Dr. Rachel Farr, Associate Professor of Psychology at the University of Kentucky (and former postdoc with the Rudd Program), has actively contributed to new knowledge about the psychology of adoption through her Contemporary Adoptive Families Study (CAFS), a large study of adoptive families from across the United States, headed by lesbian, gay, and heterosexual parenting couples, all of whom had completed domestic infant adoptions. The study has examined the ways in which parental sexual orientation impacts child outcomes, parenting, and family dynamics in adoptive families with young children in Wave 1 of data collection. Wave 2 data collection is currently ongoing, now that children are in middle childhood (on average, eight years of age). In addition to continuing to examine the impact of family structure over time, in this second wave of the study, we are also investigating adoption-related dynamics, such as children’s understanding of adoption, how families talk about adoption, contact with birth families, and transracial adoption dynamics as related to child, parent, and family outcomes.
One emerging direction for the data collected in Wave 2 of CAFS regards children’s feelings of difference, experiences with microaggressions, and demonstrating resiliency as a result of having same-sex parents. Limited research exists about the possible victimization and psychosocial development of children with same-sex parents, particularly those adopted by lesbian and gay parents. Thus, we aim to expand research on the experiences of adopted children with same-sex parents, specifically instances of microaggressions, awareness of difference, and resiliency. Although data collection is ongoing, our team of researchers has been utilizing thematic analysis to code video-recorded interviews from 44 children (Mage = 8 years; 21 girls, 23 boys) representing 27 two-dad families and 17 two-mom families. Preliminary findings suggest that adopted children of same-sex parents exhibit awareness of family diversity, demonstrate feelings of difference from their peers as a result of having same-sex parents, report experiencing some microaggressions on the basis of having same-sex parents, and show resilience despite such adversity. Microaggressions were frequently initiated by peers and occurred at a low intensity. Our findings are of particular importance as they suggest that adopted children of same-sex parents are capable of navigating through experiences of difference with resiliency and developing positive conceptualizations of their family.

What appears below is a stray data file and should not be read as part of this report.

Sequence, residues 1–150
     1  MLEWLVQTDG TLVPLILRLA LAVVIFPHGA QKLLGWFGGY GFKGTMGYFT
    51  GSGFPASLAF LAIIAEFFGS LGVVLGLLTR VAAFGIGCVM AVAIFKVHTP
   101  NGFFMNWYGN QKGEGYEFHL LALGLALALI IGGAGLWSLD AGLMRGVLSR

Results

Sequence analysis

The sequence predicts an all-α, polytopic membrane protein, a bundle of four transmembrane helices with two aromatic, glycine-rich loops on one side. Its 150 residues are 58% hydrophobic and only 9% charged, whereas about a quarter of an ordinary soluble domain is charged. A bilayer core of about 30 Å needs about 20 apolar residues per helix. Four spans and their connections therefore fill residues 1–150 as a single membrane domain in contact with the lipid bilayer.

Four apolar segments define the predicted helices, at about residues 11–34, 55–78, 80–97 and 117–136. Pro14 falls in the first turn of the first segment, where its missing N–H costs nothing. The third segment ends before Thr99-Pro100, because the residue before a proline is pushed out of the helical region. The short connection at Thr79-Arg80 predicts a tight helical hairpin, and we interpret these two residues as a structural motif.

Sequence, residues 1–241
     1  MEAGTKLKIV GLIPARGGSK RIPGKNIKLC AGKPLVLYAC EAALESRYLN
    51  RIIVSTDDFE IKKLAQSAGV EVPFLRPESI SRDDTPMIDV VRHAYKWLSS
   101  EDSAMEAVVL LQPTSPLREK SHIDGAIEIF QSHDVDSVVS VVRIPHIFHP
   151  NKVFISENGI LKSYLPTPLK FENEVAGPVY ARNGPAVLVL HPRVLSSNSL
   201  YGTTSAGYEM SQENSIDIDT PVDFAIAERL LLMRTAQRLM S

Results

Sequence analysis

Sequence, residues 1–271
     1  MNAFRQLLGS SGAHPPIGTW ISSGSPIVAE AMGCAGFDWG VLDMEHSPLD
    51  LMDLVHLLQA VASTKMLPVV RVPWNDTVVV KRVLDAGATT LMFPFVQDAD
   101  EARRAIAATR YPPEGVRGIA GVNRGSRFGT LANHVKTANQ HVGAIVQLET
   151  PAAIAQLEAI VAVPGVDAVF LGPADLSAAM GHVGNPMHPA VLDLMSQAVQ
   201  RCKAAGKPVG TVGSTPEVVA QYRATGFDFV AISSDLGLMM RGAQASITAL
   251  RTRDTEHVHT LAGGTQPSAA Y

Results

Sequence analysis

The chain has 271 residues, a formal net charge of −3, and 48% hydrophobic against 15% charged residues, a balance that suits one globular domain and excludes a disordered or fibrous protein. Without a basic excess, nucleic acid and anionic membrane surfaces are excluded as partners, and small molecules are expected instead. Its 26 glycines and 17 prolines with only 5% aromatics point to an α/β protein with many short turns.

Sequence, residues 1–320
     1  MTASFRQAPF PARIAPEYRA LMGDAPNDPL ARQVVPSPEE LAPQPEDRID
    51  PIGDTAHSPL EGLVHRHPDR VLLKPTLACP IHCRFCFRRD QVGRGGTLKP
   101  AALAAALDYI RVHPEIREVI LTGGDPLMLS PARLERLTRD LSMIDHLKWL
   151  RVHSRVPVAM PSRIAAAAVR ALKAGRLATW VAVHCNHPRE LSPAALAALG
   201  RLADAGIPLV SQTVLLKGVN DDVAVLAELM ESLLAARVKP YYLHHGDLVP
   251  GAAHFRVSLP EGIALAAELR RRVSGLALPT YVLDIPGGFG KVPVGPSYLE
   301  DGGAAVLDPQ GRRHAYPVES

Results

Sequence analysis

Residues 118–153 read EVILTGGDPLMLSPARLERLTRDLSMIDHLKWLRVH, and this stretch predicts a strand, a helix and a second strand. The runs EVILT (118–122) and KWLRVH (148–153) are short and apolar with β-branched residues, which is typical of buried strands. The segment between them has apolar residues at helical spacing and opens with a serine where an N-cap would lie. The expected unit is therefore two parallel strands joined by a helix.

Data collection for Wave 2 of CAFS is continuing during 2014. During visits to participating families’ homes, children and parents are interviewed, both complete a series of online questionnaires, and families participate in two videotaped interaction tasks. Children’s teachers also provide data for Wave 2. Several other directions of analyzing data from Wave 2 include graduate student research projects about how lesbian and gay parents socialize their children around issues of family diversity and their own family structure and about how adoptive parents in transracial adoptive families engage in practices of racial and cultural socialization with their children.
The Contemporary Adoptive Families Study has received funding from the American Psychological Foundation’s Placek Grant (awarded to Rachel Farr), the Williams Institute at UCLA and the Lesbian Health Fund (awarded to Charlotte J. Patterson), the American Psychological Association Dissertation Award (awarded to Rachel Farr), and the Rudd Family Foundation Chair in Psychology, UMass Amherst.